The Persistence of Vision (Trisha Brown’s, That Is)

The Persistence of Vision (Trisha Brown’s, That Is)

“You have a hope and a dream,” Ms. Lucas said. But early on, it wasn’t easy to describe the site-specific “In Plain Site” series. Every one, after all, is different. Jacob’s Pillow Dance Festival and the Clark Art Institute presented an outdoor “In Plain Site” that featured the company performing “Group Primary Accumulation” on rafts in a pond filled with lily pads.

Ms. Lucas and Ms. Madden followed their guts. Now Ms. Lucas said that she and Ms. Madden try to make their decisions based on what feels right. In that way, they are influenced by Ms. Brown who always left room for instinct. She liked happy accidents.

“ ‘In Plain Site’ unfolded and developed into a really nice model and through that model people were like” ‘Are you still performing the repertory? Why aren’t you performing the repertory?’ ” Ms. Lucas said. “So this unfolding of momentum happened, and I think we just braved it. And went for it.”

For the Joyce season, the company is presenting “Groove and Countermove” (2000), set to music by the jazz composer Dave Douglas; “Geometry of Quiet” (2002), to Salvatore Sciarrino’s flute score; and “L’Amour au Théâtre” (2009), inspired by Jean-Philippe Rameau’s opera, “Hippolyte and Aricie.” Adding dancers hasn’t been easy for the organization financially, Ms. Madden said, but five were chosen from an audition held last November in New York. They were apprentices until August.

Ms. Lucas’s focus is on restaging the works — she spends the bulk of her time with the dancers in rehearsals — while Ms. Madden focuses on the educational component. This semester, she is at Sarah Lawrence College working on a reconstruction of a combination of Ms. Brown’s “Set and Reset” and “Line Up” (1976).


Diane Madden, left, and Carolyn Lucas, the company’s artistic directors.

Nathan Bajar for The New York Times

As for staging the proscenium program, Ms. Lucas hasn’t done it alone: generations of Brown dancers have helped. This has made Ms. Lucas even more aware that the extended, multigenerational family of dancers that Ms. Brown left behind is a valuable resource, especially when the current group includes only one, Leah Morrison, who worked directly with Ms. Brown.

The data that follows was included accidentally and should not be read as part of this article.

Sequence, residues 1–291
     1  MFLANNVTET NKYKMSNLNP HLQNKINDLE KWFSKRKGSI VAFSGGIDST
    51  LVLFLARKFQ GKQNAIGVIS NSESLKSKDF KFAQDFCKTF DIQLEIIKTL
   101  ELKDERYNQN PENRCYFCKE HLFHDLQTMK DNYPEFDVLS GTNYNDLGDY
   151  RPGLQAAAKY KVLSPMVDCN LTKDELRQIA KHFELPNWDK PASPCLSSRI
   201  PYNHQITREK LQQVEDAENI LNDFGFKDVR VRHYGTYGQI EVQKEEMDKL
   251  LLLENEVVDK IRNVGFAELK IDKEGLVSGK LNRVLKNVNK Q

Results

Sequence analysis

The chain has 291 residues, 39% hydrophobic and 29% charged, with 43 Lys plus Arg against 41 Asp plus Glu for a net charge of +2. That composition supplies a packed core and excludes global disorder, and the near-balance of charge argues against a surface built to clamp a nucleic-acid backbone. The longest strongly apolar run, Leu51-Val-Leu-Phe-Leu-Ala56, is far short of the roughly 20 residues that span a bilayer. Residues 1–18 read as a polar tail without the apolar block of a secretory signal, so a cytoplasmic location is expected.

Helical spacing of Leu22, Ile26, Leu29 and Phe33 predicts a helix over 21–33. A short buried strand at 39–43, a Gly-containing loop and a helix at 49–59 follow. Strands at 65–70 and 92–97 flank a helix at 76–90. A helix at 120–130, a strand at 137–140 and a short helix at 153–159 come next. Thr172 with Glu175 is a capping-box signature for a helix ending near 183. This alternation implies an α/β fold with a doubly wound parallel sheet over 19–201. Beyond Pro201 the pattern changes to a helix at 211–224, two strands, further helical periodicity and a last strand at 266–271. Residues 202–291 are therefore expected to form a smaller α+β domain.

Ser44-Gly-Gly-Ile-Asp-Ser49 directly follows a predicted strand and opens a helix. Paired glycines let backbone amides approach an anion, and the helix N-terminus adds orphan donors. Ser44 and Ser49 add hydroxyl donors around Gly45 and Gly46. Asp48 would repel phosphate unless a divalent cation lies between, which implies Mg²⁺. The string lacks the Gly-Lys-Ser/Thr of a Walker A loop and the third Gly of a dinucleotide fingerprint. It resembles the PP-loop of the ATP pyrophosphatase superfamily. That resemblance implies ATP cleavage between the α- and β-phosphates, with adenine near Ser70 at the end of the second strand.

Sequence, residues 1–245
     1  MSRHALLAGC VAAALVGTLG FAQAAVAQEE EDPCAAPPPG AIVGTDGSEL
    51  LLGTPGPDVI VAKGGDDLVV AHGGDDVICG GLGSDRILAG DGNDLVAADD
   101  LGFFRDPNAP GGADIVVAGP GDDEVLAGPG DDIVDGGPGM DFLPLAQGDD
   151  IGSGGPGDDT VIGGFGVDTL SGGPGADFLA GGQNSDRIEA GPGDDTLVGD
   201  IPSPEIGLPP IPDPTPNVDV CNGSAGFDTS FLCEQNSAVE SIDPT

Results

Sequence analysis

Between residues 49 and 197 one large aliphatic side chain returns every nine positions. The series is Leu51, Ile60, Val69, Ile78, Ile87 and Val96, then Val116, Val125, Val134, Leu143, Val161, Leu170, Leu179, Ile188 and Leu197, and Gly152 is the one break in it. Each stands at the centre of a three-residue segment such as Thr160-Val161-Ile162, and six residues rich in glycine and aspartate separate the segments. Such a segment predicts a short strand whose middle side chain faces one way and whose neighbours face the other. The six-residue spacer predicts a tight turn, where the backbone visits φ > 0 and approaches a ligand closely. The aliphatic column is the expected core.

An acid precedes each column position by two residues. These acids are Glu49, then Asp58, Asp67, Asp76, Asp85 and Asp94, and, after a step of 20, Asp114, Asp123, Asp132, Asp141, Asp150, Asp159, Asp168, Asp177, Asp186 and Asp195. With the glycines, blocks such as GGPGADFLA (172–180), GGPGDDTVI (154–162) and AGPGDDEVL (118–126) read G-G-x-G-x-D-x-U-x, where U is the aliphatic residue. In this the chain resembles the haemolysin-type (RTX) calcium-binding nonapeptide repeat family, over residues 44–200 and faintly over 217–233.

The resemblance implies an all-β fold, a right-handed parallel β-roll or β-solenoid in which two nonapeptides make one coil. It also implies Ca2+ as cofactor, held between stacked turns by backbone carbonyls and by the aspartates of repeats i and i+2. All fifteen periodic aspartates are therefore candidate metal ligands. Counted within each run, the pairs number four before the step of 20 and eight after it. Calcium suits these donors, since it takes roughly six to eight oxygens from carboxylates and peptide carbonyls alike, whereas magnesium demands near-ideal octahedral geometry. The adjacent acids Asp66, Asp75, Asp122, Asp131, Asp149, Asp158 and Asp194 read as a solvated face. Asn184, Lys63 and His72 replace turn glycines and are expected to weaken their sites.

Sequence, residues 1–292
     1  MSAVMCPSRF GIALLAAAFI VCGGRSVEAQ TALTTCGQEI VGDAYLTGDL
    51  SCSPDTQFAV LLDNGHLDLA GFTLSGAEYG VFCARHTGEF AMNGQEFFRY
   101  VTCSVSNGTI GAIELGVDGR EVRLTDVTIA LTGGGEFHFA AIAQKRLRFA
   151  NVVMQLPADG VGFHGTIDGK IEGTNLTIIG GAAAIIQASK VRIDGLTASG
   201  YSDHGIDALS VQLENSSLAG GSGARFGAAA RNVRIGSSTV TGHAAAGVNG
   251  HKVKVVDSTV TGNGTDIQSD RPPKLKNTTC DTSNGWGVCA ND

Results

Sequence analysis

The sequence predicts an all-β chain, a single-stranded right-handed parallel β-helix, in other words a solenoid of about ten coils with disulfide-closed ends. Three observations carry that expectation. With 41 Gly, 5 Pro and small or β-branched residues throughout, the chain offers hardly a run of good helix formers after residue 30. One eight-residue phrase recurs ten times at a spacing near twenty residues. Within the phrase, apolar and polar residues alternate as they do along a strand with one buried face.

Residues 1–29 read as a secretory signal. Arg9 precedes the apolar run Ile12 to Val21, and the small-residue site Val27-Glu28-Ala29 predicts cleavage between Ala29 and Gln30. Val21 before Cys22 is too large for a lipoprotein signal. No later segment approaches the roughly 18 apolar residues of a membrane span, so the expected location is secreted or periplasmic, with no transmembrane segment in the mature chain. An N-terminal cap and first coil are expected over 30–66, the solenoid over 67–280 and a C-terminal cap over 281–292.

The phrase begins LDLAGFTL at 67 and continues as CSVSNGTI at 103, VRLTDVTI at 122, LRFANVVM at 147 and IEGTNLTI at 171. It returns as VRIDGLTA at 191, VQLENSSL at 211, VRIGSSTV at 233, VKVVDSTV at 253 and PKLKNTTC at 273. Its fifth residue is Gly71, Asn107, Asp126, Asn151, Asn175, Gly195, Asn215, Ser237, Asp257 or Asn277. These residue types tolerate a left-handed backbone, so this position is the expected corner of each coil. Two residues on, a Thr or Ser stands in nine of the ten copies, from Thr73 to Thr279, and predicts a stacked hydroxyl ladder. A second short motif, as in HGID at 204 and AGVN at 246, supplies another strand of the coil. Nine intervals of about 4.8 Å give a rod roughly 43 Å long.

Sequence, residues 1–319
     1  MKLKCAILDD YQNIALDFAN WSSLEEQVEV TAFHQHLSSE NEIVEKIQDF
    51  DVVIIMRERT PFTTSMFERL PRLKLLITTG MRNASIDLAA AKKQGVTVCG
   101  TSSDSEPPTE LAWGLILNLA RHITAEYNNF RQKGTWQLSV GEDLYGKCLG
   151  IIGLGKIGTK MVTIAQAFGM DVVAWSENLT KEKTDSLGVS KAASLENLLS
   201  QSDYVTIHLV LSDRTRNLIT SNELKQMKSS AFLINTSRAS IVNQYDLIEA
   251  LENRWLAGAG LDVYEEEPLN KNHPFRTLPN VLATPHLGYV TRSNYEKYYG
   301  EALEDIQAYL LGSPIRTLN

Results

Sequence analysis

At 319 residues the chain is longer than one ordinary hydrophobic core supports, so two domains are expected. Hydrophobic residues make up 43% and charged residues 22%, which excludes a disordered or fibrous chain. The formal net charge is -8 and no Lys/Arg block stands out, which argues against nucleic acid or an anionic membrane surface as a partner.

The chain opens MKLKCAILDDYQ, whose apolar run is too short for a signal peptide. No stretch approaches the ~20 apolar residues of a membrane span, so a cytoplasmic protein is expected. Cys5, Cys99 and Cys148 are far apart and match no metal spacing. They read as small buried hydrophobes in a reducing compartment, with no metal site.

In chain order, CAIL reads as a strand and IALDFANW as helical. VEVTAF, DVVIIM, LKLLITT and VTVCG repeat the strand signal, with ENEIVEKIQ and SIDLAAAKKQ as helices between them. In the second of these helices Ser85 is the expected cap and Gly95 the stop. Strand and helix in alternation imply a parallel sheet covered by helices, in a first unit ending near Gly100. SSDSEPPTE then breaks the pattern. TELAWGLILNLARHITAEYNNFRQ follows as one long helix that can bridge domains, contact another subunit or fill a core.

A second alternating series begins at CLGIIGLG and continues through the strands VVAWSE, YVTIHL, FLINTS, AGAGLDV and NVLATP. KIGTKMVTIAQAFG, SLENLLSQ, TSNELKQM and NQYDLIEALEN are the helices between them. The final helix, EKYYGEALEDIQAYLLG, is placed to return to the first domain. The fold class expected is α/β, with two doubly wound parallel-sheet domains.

“What I started to discover was that the dancers who didn’t know Trisha had a pretty brave and trusting passion to her work,” Ms. Lucas said. “They still wanted to do it. You really sense that the newer dancers are really there. It’s extraordinary.”

And their sense of responsibility for the work is palpable. “Maybe we’re not generating material,” said the dancer Amanda Kmett’Pendry, “but everything is new again because we’re trying it on for the first time. And I can also say that I miss her even though I don’t know her, which is really kind of a sad feeling. She’s really present in the room.”

The group still rehearses in Ms. Brown’s SoHo loft, which is now the property of her son. (Ms. Brown’s husband, the visual artist Burt Barr, died in 2016.) Ms. Lucas implemented a change this year, partly because of the new dancers: They warm-up by dancing sections of Ms. Brown’s repertory. Ms. Lucas said that, every day, Ms. Brown would perform “Locus,” a 1975 work that moves through all parts of the body.

“We never had company class,” Ms. Lucas said. “There are dreams and movement toward having that on the horizon.”

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